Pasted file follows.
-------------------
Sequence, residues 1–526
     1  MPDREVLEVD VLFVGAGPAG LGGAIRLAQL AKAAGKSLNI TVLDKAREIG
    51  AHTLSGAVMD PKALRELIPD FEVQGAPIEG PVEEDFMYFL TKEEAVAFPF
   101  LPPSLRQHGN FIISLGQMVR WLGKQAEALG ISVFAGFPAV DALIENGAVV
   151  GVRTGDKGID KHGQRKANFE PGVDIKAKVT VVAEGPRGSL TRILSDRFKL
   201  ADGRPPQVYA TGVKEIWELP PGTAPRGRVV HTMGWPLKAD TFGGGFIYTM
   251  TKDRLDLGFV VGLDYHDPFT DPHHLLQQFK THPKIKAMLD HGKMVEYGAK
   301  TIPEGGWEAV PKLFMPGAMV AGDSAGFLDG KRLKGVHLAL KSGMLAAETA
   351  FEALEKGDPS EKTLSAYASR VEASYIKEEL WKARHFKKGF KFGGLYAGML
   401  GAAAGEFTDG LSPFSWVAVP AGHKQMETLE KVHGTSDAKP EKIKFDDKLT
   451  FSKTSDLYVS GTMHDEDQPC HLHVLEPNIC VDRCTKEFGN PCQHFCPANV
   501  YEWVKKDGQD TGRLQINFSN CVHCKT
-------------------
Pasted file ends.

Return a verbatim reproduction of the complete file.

Sequence, residues 1–526
     1  MPDREVLEVD VLFVGAGPAG LGGAIRLAQL AKAAGKSLNI TVLDKAREIG
    51  AHTLSGAVMD PKALRELIPD FEVQGAPIEG PVEEDFMYFL TKEEAVAFPF
   101  LPPSLRQHGN FIISLGQMVR WLGKQAEALG ISVFAGFPAV DALIENGAVV
   151  GVRTGDKGID KHGQRKANFE PGVDIKAKVT VVAEGPRGSL TRILSDRFKL
   201  ADGRPPQVYA TGVKEIWELP PGTAPRGRVV HTMGWPLKAD TFGGGFIYTM
   251  TKDRLDLGFV VGLDYHDPFT DPHHLLQQFK THPKIKAMLD HGKMVEYGAK
   301  TIPEGGWEAV PKLFMPGAMV AGDSAGFLDG KRLKGVHLAL KSGMLAAETA
   351  FEALEKGDPS EKTLSAYASR VEASYIKEEL WKARHFKKGF KFGGLYAGML
   401  GAAAGEFTDG LSPFSWVAVP AGHKQMETLE KVHGTSDAKP EKIKFDDKLT
   451  FSKTSDLYVS GTMHDEDQPC HLHVLEPNIC VDRCTKEFGN PCQHFCPANV
   501  YEWVKKDGQD TGRLQINFSN CVHCKT